mice and cooked egg (Not raw) scrambled or hard-boiled. The Calcium I have faith in is Zoo-
Med Repti Calcium without D3 and a multivitamin Repashy SuperVite . Most other products
are made from crushed oyster shells, and are not able to be absorbed. Therefore, being a
poor product for a good healthy tegu.As for my adults, I feed them everyday, as in the babies,
the get one whole rodent, chick or duckling once or twice a week. However, my tegus do
hibernate up to 7 months out of the year. If you have a tegu that does not hibernate, you can
cut back on feeding him as much, or as frequent. Judged by the animal keeping good body
weight, and a fat round tail base. If he starts to look like he might be loosing body mass, you
can always add more to the diet.Please remember to remove any food that is not eaten right
after your tegu has eaten his/her fill. Insects are well known for stressing reptiles. This also
will help keep their cage cleaner. Adult tegus, for the Argentine Black and White and the
Argentine red Tegu, the Blue Tegu and as well as the Extreme Giant tegus, they will take
ground turkey; cooked egg (Not raw) scrambled or hard-boiled. You should avoid uncooked
eggs for two reasons.
1. The egg cleaning process is poor at best. Salmonella is found in the intestinal tracts of
reptiles, birds, animals, insects and humans. It is found on the outside of the egg shell
before the egg is washed or it may be found inside the egg if the hen was infected by
Salmonella. It is always best to cook the eggs before feeding them to your animal.
Salmonella is best destroyed by heat, so cooking is the best way to insure that there
is no Salmonella being past on to your pet. I hope this better helps you to understand
why we cook our eggs prior to feeding.
2. Raw eggs also contain an enzyme called avidin, this enzyme decreases the absorption
of biotin and can lead to skin problems in reptiles. When you cook the eggs you
neutralize this enzyme, thus changing the makeup of the egg.
Also rodents, fresh fish (Not from a pet shop, due to the chemicals used in these tanks), baby
chickens, grapes, tomatoes, strawberries, melons, and just about any other soft fruits.
Bananas can be given as well, but not as a staple diet, only in moderation. This is due to the
high content of potassium (Known for not binding with calcium). Not more than once every
couple of weeks. They also tend to have very high phosphorous levels. Some of my Argentine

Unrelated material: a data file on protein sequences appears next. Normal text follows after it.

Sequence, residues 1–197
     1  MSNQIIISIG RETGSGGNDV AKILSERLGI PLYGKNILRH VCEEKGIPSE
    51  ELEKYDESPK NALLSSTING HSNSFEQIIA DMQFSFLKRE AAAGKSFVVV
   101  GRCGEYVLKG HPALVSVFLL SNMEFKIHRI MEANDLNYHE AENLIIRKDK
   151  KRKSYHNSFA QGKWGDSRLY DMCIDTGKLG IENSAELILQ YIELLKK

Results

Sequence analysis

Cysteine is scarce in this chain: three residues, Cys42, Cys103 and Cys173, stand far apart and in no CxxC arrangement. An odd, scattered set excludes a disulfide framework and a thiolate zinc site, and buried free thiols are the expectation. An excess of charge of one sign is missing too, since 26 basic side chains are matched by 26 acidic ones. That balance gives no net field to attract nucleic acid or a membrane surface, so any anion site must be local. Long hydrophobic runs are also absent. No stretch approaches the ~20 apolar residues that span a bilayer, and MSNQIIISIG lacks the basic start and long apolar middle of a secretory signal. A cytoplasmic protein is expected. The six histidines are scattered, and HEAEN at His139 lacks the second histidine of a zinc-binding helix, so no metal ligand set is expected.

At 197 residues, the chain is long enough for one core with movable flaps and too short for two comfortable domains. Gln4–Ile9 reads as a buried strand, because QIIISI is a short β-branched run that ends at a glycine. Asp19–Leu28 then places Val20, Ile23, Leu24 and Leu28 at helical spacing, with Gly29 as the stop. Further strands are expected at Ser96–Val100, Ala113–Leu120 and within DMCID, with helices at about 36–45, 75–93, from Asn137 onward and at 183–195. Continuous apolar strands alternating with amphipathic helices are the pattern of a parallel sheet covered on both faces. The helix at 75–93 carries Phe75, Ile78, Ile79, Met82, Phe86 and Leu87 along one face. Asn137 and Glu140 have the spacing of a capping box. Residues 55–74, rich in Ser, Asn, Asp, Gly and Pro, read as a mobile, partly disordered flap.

tegus will not eat fruit. There are many things out there to feed your tegus. The Colombian
Black and White, or (Gold Tegu) will take all of the above, and fruit. Also, I suggest feeding
only killed rodents. Live rodents can bite your animal. Dead do not it is just not worth the
chance. .

A side note on feeding: Tegus can get cage aggressive. They can get to where they will
associate their keeper with food. There are a couple of ways to keep this from happening. The
first is to feed your tegu in a separate cage or area than his home. Have the food there when
you put him with it. Another way, would be to feed him at night or when he is in his hide.
Then he will not see you with food. The first suggestion is the best for a few reasons. One you
handle him every day, which helps with the taming process. Another reason would be to
remove all chances of him ingesting substrate. And last, but not least, the food would be
fresher than feeding at night.
In my opinion, feeding fruit for skin problems has solid ground to back the claims of some
keepers. There are fruits to promote good sheds but moisture, all though some fruits do
contain some vitamins that are not good for skin. There are other things that do contain the
right vitamins, such as beef liver and cod liver oil. These need to be fed in conjunction with
each other. Another words feed both of them once a week as a meal.

A good diet and proper husbandry is the best way to promote good sheds in tegus.

Water: Tegus require fresh water on a daily basis. It also would be recommended that their
water dishes/bowls be big enough to soak in